Bush mulls 'provisional' Palestinian state
CNN Washington Bureau
WASHINGTON (CNN) -- President Bush is considering calling for a "provisional" Palestinian state as part of a new statement on the Middle East, but has not made a decision, the White House confirmed Thursday.
Several senior officials mentioned spirited discussions over whether being specific about such issues as borders and a timetable for statehood was worth the possibility that one or both sides would immediately object and derail the new administration initiative.
Some said there was a united view within the administration about the overall goal of the strategy -- but there were disagreements over how fast to push for certain steps and how trusting to be of Palestinian leader Yasser Arafat's promise to implement reforms.
One knowledgeable source described Vice President Dick Cheney as "skeptical, maybe even a little cynical" on the issue of Arafat.
"He asks, 'What are the guarantees these reforms are real? What are the guarantees these reforms are permanent?'" the source said.
Secretary of State Colin Powell was also skeptical of Arafat's commitment to reform but made the case -- as this source put it -- "that everything else has failed and now is the time to push and try because so many other countries are willing to be part of the effort."
Several sources said the idea of proposing an interim or provisional Palestinian state has appeal within the administration. A senior administration official said that was because it would "fundamentally change the nature of the conversation."
"You would have two sovereign states debating a border dispute, as opposed to one state openly questioning whether there is any right or reason for the other state to exist, or at least exist now under its present leadership," the official said.
Two senior officials said there was broad agreement within the administration that any comprehensive peace agreement creating a permanent Palestinian state would be based on the 1967 lines -- technically armistice lines and not official borders -- with some adjustments, as were negotiated late in the Clinton administration.
In the talks, Israel agreed to relinquish all but 7 percent of the West Bank, and in exchange proposed giving a small percentage of land now considered to be part of Israel proper to the Palestinians.
But if Bush uses the term "1967 borders" in his new statement, it could anger Israeli Prime Minister Ariel Sharon who recently insisted Israel could not withdraw to those lines and guarantee its security.
"So maybe you say borders consistent with U.N. Resolutions 242 and 338, which everyone realizes means 1967, but by not saying it so explicitly you move the process forward some and leave the exact details for another round," said one person involved in recent deliberations.
Timing and right of return
Another internal administration debate was on how specific Bush should be on the issue of the right of return for Palestinian refugees.
Two sources, one inside the government and one involved in recent discussions with the administration, said the administration realized a statement on the right of return was critical to the new principles having credibility with the Palestinians.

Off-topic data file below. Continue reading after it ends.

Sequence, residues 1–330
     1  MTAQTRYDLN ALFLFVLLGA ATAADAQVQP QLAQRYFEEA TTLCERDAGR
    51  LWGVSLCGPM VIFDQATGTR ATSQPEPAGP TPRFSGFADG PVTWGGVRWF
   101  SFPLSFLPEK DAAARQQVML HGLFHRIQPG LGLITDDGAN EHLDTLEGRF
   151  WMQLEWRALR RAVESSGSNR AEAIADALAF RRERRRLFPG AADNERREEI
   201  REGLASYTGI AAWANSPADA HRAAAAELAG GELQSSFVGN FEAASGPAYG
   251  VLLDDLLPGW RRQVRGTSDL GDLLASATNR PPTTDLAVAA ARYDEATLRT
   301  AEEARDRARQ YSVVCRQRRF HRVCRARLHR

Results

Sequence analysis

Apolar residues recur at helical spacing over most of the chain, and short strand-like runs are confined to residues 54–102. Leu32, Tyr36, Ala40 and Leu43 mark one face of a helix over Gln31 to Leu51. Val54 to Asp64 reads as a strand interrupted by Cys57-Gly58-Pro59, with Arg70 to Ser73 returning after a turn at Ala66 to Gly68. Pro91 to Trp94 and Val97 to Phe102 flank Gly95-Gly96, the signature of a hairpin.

"But it can be an explosive issue with Sharon," one of the sources said, strongly suggesting Bush was likely to adopt more general language in this regard for now, along the lines of "calling for a just settlement of the issue consistent with Israel's demographic concerns."
Yet another debate centered on whether to set a timetable for agreement on a permanent Palestinian state, something Bush has said he was not yet prepared to do, in part because of his reservations about Arafat's leadership.
Saudi Arabia and Egypt have pressed for a U.S. commitment to a firm timetable, including in discussions over the past week.
One source familiar with the discussions said he sensed a reluctance to "say in three years, because then even if it collapses it is egg on their face. So can you say 'within several years' and be seen as advancing things? That is one issue I sense as a difficult one for them."
Several sources, including senior government officials, said Bush was certain to call on the Palestinian Authority to continue reforms, such as drafting a new constitution, creating credible governmental institutions -- including finance and education ministries -- and moving quickly to implement security reforms.
At the same time, the sources said Bush was all but certain to say that for the Palestinians to have a reasonable chance to meet those tests, Israel must withdraw all troops at least to the lines of September 28 of last year, and begin to release Palestinian economic assets frozen during the latest intifada.
As for when Bush would announce the new guidelines or principles, some officials said it could come as early as next week, while others said there were too many unresolved issues and it would take a little more time than that.
"Look at it in reverse," one senior official said. "You need to have the principles out in time for people to digest before a summer ministerial conference -- and the target for that is July."
Bush chose his words carefully when asked about the administration deliberations on Thursday.
"I'm listening to a lot of opinion," Bush said during a meeting with Australian Prime Minister John Howard.
"There's one thing for certain that I strongly believe, and that is that we must build the institutions necessary for the evolution of a Palestinian state, which can live peacefully in the region and provide hope for the suffering Palestinian people."
Powell: Bush pondering 'temporary Palestinian state'
June 12, 2002
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